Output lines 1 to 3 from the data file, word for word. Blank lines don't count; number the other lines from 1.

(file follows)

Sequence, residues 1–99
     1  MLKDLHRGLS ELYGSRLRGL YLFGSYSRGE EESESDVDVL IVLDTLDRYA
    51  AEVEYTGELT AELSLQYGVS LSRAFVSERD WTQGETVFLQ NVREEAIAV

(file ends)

Sequence, residues 1–99
     1  MLKDLHRGLS ELYGSRLRGL YLFGSYSRGE EESESDVDVL IVLDTLDRYA
    51  AEVEYTGELT AELSLQYGVS LSRAFVSERD WTQGETVFLQ NVREEAIAV